Author and illustrator S. D. Nelson lives in Fargo and is a member of the Standing Rock Sioux Tribe in the Dakotas.
His artwork appears on book jackets, greeting cards, and CD covers, and his paintings are
held in both private and public collections. He has written and illustrated numerous award-winning children’s books.
Nelson earned his bachelor’s degree in art at Minnesota State University at Moorhead. His paintings offer a fresh contemp-orary interpretation of traditional Lakota images. S. D. has painted extensively on animal skins and bone. He has crafted traditional rawhide drums, beaded on leather and created ledger book drawings. Nelson’s fluid style and traditional Native American imagery combines movement, color, and form into a visual celebration of life.
The Star People
Sister Girl and her brother Young Wolf wander away from their village and soon
find themselves far out in the surrounding prairie. They sit down in the grass
and watch the clouds passing above billow to form an eagle, horses, and other
creatures. Suddenly, animals begin to race past the children, followed by a wall
of fire! Fleeing along with the frightened beasts, Sister Girl and Young Wolf
save themselves by tumbling into a shallow stream.
The fire leaves behind ash and a barren, forbidding landscape. The
children realize that they are hopelessly lost. Night is coming- how will they
get home to their parents? And why are the evening stars dancing so?
Drawing upon traditional Lakota art, S. D. Nelson's illustrations bring to
life a memorable new legend about the Star People.
Black Elk's Vision
Told from the Native American point of view, Black Elk’s Vision provides a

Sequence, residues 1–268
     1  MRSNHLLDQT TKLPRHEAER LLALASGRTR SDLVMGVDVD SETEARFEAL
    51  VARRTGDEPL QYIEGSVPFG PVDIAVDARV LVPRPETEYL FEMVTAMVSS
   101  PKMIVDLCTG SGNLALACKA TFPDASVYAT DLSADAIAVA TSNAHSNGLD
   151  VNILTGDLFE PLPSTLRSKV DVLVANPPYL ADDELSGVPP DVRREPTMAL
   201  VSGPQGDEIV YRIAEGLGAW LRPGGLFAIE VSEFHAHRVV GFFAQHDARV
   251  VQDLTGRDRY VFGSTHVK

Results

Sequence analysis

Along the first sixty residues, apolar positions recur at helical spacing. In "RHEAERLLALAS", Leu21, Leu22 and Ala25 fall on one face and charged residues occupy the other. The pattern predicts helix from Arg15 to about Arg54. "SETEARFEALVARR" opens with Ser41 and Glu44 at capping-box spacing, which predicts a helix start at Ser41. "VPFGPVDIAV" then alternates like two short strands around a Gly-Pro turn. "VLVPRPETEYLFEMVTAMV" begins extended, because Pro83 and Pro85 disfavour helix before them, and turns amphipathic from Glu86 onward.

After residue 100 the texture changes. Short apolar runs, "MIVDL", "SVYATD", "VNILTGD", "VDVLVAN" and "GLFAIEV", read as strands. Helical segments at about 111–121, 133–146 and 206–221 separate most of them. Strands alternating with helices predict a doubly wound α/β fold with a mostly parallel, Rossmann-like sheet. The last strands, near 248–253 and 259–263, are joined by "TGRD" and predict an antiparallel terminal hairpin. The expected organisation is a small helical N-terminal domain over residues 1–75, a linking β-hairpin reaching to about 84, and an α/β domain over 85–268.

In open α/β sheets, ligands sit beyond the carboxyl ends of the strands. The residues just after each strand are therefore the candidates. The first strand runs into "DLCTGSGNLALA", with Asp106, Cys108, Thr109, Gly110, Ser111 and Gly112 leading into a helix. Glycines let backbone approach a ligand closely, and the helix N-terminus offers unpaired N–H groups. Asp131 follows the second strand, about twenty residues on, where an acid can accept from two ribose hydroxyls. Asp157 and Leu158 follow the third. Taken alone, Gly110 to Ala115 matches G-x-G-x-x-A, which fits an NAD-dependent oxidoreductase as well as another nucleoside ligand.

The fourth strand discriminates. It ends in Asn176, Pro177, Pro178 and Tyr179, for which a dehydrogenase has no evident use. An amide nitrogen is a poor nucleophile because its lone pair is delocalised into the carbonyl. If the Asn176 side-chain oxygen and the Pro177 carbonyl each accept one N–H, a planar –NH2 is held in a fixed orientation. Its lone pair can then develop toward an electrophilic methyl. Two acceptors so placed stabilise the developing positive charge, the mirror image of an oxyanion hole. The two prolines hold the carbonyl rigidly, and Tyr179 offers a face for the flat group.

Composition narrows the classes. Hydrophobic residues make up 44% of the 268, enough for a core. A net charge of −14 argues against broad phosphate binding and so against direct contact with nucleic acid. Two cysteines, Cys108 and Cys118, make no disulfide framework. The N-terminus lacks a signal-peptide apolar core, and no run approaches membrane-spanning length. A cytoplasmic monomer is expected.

unique perspective on American history. From recounting the visions Black Elk
had as a young boy, to his involvement in the battles of Little Big Horn and
Wounded Knee, as well as his journeys to New York City and Europe with Buffalo
Bill’s Wild West Show, this biographical account of Black Elk—an Oglala-Lakota medicine man (1863–1950)—follows him from childhood through adulthood.
S. D. Nelson tells the story of Black Elk through the medicine man’s voice, bringing to life what it was like to be Native American in the mid-to-late nineteenth century and early twentieth century. The Native people found their land overrun by the Wha-shi-choos, or White Man, the buffalo slaughtered for sport and to purposely eliminate their main food source, and their people gathered onto reservations. Through it all, Black Elk clung to his childhood visions that planted the seeds to help his people—and all people—understand their place in the circle of life. The book includes archival images, a timeline, a
bibliography, an index, and Nelson’s signature art.